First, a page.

Posted at: 10/11/2013 11:56 PM
By: Dan Levy
ALBANY - A state supreme court justice on Friday ordered New York Parks officials to tear down their "no smoking" signs, which were posted earlier this year. By siding with a smoker's rights group, Judge George Ceresia ruled the parks officials exceeded their authority when they prohibited smoking.
Even though Judge Ceresia acknowledged that secondhand smoke is "deleterious to the health of non-smokers, especially children," he also wrote it doesn't mean a state agency is empowered to regulate the conduct of park patrons.
And so, on a perfect autumn afternoon at Thacher Park, the scenic view is all of a sudden changing. When sightseers stopped by on Friday to light up their cigarettes, they may not have realized it, but they were doing it legally.
"Thank you very much judge," said James Bush, of Troy, puffing on a cigarette while sitting on a stone wall atop the Helderbergs escarpment.
Bush, and other smokers can now light up legally at state parks because earlier in the day Judge Ceresia said they could, ordering no-smoking signs to come down, because park officials, even though well-intentioned, don't have the authority to prohibit smoking, according to the judge, only the state legislature can do that.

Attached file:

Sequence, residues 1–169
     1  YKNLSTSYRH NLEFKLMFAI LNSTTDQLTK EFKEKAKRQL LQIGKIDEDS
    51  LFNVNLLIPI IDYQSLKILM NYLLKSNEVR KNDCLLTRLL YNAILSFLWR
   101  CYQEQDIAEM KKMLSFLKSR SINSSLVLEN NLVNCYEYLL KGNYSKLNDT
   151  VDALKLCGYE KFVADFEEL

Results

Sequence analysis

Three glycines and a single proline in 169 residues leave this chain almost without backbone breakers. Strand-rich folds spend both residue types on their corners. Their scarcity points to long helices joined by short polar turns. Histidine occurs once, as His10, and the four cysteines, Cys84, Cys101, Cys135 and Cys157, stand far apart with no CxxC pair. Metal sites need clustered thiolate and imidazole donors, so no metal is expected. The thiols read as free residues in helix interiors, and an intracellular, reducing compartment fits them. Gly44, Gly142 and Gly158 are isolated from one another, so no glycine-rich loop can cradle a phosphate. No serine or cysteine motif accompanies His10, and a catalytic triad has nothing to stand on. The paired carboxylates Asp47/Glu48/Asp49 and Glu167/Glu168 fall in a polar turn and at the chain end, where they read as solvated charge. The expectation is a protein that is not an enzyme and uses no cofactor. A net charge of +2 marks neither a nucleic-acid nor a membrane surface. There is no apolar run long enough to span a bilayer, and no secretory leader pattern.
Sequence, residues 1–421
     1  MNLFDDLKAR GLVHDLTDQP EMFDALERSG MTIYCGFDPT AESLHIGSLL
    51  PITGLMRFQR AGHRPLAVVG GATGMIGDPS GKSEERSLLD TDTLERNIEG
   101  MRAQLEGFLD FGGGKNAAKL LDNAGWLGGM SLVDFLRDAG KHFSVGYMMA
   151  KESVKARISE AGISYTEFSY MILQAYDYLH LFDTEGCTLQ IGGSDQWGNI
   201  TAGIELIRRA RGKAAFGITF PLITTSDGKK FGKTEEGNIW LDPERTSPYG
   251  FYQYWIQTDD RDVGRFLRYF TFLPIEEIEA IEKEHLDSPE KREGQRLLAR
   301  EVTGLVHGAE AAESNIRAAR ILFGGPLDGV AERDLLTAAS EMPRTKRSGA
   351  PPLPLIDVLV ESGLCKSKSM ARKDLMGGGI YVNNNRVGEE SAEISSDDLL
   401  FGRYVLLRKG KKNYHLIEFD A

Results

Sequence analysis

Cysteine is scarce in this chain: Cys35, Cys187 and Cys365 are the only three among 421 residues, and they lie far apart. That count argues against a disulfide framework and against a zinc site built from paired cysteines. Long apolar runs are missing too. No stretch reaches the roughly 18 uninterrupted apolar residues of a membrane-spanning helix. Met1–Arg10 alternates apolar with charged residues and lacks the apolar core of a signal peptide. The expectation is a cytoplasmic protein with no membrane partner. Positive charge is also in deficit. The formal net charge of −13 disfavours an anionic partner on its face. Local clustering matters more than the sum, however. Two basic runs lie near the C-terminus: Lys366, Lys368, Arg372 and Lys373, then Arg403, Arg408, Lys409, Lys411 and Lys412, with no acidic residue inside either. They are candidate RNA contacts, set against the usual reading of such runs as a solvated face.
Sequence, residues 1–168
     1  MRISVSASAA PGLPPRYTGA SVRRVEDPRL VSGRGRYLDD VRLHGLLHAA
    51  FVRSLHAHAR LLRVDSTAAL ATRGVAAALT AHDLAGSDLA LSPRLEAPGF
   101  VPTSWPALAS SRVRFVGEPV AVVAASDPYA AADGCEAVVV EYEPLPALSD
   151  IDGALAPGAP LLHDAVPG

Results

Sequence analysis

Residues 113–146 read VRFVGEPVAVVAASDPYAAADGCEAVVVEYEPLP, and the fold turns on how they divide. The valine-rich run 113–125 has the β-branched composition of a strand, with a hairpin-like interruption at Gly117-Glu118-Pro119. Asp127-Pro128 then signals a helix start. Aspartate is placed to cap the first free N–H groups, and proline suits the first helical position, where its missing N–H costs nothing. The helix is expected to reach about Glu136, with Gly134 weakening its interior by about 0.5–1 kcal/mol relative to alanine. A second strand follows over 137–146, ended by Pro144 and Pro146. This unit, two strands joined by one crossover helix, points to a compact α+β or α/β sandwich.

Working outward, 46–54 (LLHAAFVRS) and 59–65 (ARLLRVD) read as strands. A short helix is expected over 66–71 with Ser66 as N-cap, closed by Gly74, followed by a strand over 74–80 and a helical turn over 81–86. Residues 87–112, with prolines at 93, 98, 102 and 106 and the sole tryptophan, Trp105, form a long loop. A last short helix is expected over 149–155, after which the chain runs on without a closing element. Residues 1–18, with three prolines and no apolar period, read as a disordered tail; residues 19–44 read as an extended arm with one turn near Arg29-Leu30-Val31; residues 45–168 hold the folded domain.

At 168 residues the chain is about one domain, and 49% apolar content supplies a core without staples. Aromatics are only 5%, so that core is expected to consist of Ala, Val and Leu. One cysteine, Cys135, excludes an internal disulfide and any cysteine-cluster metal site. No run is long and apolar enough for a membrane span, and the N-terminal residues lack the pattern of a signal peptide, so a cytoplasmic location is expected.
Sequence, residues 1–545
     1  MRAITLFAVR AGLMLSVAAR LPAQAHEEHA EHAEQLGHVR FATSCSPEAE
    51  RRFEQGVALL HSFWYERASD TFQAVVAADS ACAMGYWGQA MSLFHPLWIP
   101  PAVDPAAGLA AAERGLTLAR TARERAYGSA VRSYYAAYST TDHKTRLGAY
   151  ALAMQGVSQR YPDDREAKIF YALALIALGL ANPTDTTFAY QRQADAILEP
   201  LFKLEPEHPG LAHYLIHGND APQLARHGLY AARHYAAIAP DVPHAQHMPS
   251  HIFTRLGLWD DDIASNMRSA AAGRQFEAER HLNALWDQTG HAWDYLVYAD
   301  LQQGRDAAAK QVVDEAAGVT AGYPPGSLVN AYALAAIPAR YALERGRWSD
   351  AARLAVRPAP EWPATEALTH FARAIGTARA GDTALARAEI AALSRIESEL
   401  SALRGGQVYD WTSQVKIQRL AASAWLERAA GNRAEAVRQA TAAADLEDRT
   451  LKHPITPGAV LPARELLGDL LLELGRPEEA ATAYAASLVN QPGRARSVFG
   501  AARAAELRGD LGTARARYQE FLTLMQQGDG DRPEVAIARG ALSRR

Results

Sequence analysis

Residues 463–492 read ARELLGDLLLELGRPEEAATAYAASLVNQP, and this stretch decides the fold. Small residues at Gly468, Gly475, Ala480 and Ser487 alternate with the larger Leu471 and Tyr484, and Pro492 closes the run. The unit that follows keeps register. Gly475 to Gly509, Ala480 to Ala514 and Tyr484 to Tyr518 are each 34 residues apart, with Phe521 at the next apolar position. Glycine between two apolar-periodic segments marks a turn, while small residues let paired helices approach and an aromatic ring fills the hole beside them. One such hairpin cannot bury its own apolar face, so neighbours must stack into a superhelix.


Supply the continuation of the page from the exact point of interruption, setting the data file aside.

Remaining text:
"I understand the basis that he's using," said Terry Palumbo of Albany, "I'm not sure I agree with it. I'm disappointed smoking would be allowed. Smoking isn't a healthy thing for anyone to do or to be around."
"I think smoking should be something that's left at home or in a car or a private area," said Michael Bayley of Selkirk, "This is a public area and we should have our fresh air to breathe."
That was part of the justification cited earlier this year when state parks officials banned smoking in its 179 parks. Many park goers agree.
"The parks are family places to go and I don't want my kids or my sister or anybody to be around that," said Marisa Henkin, of Berne.
But smokers have their sympathizers.
"I don't smoke myself but I believe smokers do have certain rights," said Wendy McLaughlin of Schodack. "I think they should have rights to smoke outside."
"A lot of people like to hike and smoke too," said Melinda Seney, of Troy, "I can't imagine keeping people from doing that."
James Bush, a smoker from Troy, says people are far enough apart at parks that the smoke disburses and won't effect them.
"Unless it's a mother and a baby, that's a different story," Bush states, "I mean, come on, get real. It goes too far. It's our constitutional right."
State Parks and Recreation issued a statement Friday stating they believe they do have the authority to regulate outdoor smoking and they are considering an appeal of the court's decision.